Mali, Anti-terrorism Struggle Top Agenda of 5+5 Dialogue Meeting
The situation in Mali, the fight against terrorism and the strengthening of trans-border security are on top of the agenda of the 5+5 Dialogue meeting convening in Nouakchott Tuesday.
The Foreign Ministers of the countries forming this informal sub-regional body that brings together 5 Western Mediterranean countries (France, Italy, Malta, Portugal, Spain) and their North African neighbors (Algeria, Mauritania, Morocco, Libya, Tunisia) will also debate the simmering crisis in Syria, the Middle East peace process, the democratization progression in the region as well as sectorial issues such as renewable energy, health, and the economic situation in the Mediterranean with a special focus on youth.
A special attention will be granted to security in the Sahel and the threats posed to the region by the Al Qaeda-affiliated groups, in light of press reports stating that the Islamist Jihadist groups which have been disbanded and chased out from Northern Mali are trying to restructure themselves in Libya and other neighboring countries.
Although France which spearheaded the military intervention to dislodge the Jihadists from Northern Mali tries to reassure its partners that the security situation in Mali will be under control, the countries of the region are voicing concern about the retaliation operations the terrorist groups may launch both in Mali and in other countries of the region.
The fears are all the more great that France has announced it will be progressively withdrawing its military from Mali and that Chad also said it will pull out its battalions from the West African country as the Chadian army is not trained to guerrilla warfare with terrorist networks.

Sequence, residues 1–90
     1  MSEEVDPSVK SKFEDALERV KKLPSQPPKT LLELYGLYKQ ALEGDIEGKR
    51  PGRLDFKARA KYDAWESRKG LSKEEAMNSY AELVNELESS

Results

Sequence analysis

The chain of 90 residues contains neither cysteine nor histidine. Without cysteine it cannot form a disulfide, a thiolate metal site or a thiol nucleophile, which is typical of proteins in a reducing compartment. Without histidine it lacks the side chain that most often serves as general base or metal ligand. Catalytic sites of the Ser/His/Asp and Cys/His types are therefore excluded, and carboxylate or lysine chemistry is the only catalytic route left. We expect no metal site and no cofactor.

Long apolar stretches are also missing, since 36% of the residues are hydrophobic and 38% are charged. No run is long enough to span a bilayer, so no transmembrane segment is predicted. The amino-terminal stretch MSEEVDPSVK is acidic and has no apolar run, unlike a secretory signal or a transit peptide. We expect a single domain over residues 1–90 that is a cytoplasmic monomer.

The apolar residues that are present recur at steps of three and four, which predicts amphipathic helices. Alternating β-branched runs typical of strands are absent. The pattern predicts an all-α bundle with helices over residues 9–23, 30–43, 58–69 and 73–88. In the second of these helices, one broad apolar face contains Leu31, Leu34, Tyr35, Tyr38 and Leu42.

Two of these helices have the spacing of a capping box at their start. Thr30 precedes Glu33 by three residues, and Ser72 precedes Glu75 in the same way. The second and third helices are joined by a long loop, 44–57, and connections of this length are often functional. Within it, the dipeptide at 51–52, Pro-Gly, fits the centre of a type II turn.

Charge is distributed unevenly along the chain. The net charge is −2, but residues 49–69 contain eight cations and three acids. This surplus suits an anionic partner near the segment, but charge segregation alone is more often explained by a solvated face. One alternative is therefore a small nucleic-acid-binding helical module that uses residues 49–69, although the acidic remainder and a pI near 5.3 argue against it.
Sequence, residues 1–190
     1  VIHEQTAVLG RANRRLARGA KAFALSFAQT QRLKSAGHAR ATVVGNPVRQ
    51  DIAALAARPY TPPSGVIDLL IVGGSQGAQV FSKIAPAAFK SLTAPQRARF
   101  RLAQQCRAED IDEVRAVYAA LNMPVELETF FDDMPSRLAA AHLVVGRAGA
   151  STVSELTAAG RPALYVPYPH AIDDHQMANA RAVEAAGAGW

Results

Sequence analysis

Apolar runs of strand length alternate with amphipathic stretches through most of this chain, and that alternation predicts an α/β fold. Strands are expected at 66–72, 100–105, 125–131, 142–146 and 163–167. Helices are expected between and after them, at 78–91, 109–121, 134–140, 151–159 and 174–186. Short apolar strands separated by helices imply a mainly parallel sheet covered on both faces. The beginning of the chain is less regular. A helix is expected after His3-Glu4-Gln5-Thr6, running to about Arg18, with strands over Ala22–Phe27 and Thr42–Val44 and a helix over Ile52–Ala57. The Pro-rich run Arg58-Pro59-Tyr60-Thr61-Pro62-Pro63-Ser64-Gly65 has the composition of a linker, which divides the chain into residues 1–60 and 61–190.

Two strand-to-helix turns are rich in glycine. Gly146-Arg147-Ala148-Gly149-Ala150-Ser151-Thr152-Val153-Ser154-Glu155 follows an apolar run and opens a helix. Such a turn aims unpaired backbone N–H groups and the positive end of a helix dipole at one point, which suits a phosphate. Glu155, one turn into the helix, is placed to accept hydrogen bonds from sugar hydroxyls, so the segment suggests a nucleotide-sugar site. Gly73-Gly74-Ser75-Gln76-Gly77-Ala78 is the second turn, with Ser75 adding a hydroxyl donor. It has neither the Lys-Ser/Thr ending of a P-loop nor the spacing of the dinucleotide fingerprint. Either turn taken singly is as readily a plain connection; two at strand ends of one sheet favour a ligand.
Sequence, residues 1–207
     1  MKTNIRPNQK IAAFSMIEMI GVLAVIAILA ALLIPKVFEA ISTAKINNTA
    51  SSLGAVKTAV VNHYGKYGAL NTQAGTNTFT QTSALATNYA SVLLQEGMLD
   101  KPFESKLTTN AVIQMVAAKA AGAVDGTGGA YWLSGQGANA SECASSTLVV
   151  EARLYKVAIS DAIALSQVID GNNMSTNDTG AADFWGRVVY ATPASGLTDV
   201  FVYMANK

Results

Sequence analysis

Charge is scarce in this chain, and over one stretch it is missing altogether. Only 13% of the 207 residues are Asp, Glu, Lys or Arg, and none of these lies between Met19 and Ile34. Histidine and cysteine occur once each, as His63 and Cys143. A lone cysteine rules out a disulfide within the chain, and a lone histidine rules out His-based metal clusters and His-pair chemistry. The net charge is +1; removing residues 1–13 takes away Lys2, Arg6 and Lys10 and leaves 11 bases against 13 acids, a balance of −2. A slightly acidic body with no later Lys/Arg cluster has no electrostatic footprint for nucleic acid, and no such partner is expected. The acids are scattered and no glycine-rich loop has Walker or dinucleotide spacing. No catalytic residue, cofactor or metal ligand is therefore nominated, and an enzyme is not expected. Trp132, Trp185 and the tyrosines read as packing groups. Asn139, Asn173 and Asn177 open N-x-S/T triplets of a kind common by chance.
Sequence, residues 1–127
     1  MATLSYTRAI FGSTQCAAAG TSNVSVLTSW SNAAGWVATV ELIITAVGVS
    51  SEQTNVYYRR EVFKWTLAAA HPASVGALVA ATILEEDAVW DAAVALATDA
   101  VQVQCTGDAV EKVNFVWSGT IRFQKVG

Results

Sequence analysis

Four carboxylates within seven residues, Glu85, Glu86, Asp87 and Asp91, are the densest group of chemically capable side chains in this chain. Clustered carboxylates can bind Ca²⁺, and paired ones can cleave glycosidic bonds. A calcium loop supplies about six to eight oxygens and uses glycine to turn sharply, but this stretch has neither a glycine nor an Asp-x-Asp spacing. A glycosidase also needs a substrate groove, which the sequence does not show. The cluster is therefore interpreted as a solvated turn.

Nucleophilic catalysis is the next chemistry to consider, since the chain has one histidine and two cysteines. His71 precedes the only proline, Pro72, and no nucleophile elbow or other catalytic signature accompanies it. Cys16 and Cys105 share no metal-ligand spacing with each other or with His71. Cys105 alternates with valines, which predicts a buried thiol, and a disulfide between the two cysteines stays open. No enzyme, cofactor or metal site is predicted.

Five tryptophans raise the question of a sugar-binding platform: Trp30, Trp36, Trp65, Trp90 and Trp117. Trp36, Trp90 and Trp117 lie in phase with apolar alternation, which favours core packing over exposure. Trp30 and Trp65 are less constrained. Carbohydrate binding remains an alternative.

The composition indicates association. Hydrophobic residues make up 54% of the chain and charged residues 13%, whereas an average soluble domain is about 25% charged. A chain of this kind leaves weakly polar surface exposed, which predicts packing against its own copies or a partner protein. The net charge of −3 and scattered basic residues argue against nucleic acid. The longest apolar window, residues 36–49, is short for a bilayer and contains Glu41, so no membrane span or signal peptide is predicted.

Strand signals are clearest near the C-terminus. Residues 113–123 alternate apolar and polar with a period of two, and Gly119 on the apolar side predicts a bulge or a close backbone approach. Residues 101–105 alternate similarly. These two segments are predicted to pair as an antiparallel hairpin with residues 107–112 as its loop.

Some 4,000 French soldiers, 5,000 Malian soldiers and around 6,300 soldiers from the MISMA intervention force supplied by the Economic Community of West African States (ECOWAS) are currently involved in the war in Mali.
On Monday, France tabled before the UN Security council a draft resolution that would authorize, if adopted, the replacement in July of the forces currently present in Mali by a separate UN “stabilisation mission.”
This mission, to include about 10,000 soldiers, will be deployed if security conditions are favourable.
The French Foreign Minister, Roland Fabius, who is attending the 5+5 dialogue meeting, said on Monday after meeting the Mauritanian President Mohamed Ould Abdel Aziz that the UN stabilisation mission will have the necessary means to ensure peace in Mali.
He said at least a one thousand French military, heavily equipped, will remain in Mali to counter any contingency operation by the Jihadists and to maintain peace in the country.
Nouakchott also hosted over the weekend an international ministerial meeting on “Security in the Sahel region.” The meeting was attended by the countries bordering on Mali, and representatives of members of the African Union (AU), the European Union and the United Nations.
Experts are however warning that the war in Mali will take longer than what was initially announced and that the refurbishment and training of the Malian army is no easy task and cannot be done overnight, wherefrom the need for foreign armies to stay longer in the West African country.